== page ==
[r] in a non-rhotic dialect to avoid ambiguity

SuprunP

Senior Member
Ukrainian & Russian
If you're a (native) speaker of a non-rhotic dialect of English I wonder whether you ever feel the need to add that [r] either to avoid confusion in the first place or as a means to rectify ambiguity after the fact (especially if your interlocutor has asked you to (and particularly if they are a speaker of a rhotic dialect of English)).

For example:

- According to local lore, they lived only on raw fish.
- What kind of law was that?


This, of course, may not be the most natural-sounding example, but still.

Thanks.
 
  • Hermione Golightly

    Senior Member
    British English
    Never, not in the UK. Yes, on occasion when talking non-rhotic BrE in NYC, but more not understanding than misunderstanding and usually talking to people whose own first language isn't English.
    The wider context usually makes it clear.
     

    PaulQ

    Senior Member
    UK
    English - England
    I wonder whether you ever feel the need to add that [r] either to avoid confusion
    No. Context and construction is usually sufficient. And if that fails, moustic's and loob's suggestions are the solution.

    Local lore dictates that nobody goes on the beach on a Sunday -> lore is uncountable and usually qualified by an adjective/adjectival phrase. An unqualified "Lore" is not usually used in constructions such as "Lore dictates that nobody goes on the beach on a Sunday"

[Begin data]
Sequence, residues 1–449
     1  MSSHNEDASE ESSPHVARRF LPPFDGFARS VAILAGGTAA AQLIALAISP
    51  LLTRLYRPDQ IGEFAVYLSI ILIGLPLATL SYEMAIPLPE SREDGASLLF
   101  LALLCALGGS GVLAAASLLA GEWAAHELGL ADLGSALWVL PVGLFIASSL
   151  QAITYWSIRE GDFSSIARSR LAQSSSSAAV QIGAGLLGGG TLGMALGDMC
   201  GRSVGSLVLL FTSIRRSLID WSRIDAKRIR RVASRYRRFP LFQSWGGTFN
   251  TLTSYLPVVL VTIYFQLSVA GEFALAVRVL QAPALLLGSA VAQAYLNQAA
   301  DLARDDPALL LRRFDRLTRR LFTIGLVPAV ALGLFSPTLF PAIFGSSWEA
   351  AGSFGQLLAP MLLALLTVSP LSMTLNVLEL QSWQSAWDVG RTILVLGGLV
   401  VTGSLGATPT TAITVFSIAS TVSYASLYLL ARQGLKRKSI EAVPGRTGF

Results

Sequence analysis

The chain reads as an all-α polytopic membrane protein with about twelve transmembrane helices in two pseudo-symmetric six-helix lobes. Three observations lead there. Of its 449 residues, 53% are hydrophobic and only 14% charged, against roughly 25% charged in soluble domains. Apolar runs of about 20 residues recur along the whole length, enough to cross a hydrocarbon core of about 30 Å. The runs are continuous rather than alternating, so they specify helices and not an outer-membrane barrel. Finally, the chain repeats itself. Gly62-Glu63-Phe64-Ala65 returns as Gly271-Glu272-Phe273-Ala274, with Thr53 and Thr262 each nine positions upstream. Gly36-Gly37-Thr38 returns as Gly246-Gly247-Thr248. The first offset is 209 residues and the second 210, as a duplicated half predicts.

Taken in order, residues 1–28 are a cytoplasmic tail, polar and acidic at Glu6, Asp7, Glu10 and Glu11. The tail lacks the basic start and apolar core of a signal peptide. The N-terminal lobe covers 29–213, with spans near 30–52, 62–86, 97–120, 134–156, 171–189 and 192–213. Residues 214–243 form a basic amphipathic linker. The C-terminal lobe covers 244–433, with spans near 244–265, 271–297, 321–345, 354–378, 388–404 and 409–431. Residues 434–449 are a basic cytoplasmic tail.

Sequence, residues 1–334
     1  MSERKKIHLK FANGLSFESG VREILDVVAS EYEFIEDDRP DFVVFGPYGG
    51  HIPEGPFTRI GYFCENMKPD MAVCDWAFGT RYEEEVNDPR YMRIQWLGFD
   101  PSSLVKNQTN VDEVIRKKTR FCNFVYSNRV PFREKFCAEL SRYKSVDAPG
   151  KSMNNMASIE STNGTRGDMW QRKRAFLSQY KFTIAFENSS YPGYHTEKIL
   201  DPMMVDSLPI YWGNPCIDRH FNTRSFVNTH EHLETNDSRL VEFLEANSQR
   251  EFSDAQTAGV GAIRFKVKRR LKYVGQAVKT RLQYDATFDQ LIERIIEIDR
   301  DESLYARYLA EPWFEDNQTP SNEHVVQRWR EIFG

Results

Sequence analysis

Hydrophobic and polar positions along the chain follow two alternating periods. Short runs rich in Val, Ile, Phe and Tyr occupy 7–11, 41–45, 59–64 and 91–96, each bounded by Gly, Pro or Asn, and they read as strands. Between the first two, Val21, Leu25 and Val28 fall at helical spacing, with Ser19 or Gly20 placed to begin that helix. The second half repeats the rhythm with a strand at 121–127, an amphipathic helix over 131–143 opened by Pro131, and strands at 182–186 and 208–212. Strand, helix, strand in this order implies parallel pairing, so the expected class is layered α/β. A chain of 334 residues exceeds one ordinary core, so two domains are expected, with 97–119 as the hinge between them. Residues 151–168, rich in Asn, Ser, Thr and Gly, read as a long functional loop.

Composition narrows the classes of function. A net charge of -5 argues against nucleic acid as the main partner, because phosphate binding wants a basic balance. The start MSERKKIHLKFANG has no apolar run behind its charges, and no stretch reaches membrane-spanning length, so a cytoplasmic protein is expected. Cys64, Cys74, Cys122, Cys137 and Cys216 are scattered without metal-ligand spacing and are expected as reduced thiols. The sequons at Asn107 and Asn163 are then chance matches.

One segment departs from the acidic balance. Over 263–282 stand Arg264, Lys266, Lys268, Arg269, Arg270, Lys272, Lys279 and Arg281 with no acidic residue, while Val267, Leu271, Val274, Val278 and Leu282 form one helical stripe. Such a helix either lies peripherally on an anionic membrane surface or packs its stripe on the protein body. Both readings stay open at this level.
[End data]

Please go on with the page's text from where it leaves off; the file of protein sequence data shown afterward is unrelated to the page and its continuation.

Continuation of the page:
A [local] law dictates that nobody goes on the beach on a Sunday -> law is countable and cannot be used without a determiner.
    The law dictates that nobody goes on the beach on a Sunday -> Law is uncountable but often seen as "The law to which we all know we are subject and thus is qualified by "the" for that purpose.

    The problem also arises in words with two meanings:

    "The Arabian Sheikh was very generous to me - he bought me a fine golf club."

    Does "club" mean a stick to hit golf balls with, or does it mean he bought you St Andrew's Golf Club and Hotel? :D

    I assume you have homonyms in Russian and Ukrainian.
     
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    SuprunP

    Senior Member
    Ukrainian & Russian
    Thank you!

    I almost forgot that spelling words out is a big thing in the English-speaking world. I have literally never had to spell a word out in either Russian or Ukrainian (I'm still not a big fan of it when it comes to doing it orally).
     

    velisarius

    Senior Member
    British English (Sussex)
    If your English accent is non-rhotic, it would take practice to be able to pronounce "lore" with an audible "r". Some native speakers of non-rhotic English can imitate a rhotic accent well. Others, like me, can't - or at least not without a lot of embarrassment.
     

    Egmont

    Senior Member
    English - U.S.
    To make matters worse, some regional non-rhotic dialects pronounce "law" as "lore," with an audible "r" - much as President Kennedy famously pronounced the name of a large island south of Florida as "Cuber."
     

    moustic

    Senior Member
    British English
    I almost forgot that spelling words out is a big thing in the English-speaking world.
    It's useful sometimes, but not all that often. In context there isn't usually much room for ambiguity.

    However changing the pronunciation wouldn't be an option with words like bow / bough or knot / not. You would have to say: B.O.W. or bow with a W to avoid misunderstanding.